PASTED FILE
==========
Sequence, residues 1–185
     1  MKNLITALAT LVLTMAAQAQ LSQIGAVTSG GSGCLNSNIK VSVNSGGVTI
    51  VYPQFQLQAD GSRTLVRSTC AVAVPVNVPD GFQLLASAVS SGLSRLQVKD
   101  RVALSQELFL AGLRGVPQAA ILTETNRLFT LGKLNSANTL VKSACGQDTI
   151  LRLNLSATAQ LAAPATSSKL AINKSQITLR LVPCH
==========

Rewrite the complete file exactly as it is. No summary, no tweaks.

Sequence, residues 1–185
     1  MKNLITALAT LVLTMAAQAQ LSQIGAVTSG GSGCLNSNIK VSVNSGGVTI
    51  VYPQFQLQAD GSRTLVRSTC AVAVPVNVPD GFQLLASAVS SGLSRLQVKD
   101  RVALSQELFL AGLRGVPQAA ILTETNRLFT LGKLNSANTL VKSACGQDTI
   151  LRLNLSATAQ LAAPATSSKL AINKSQITLR LVPCH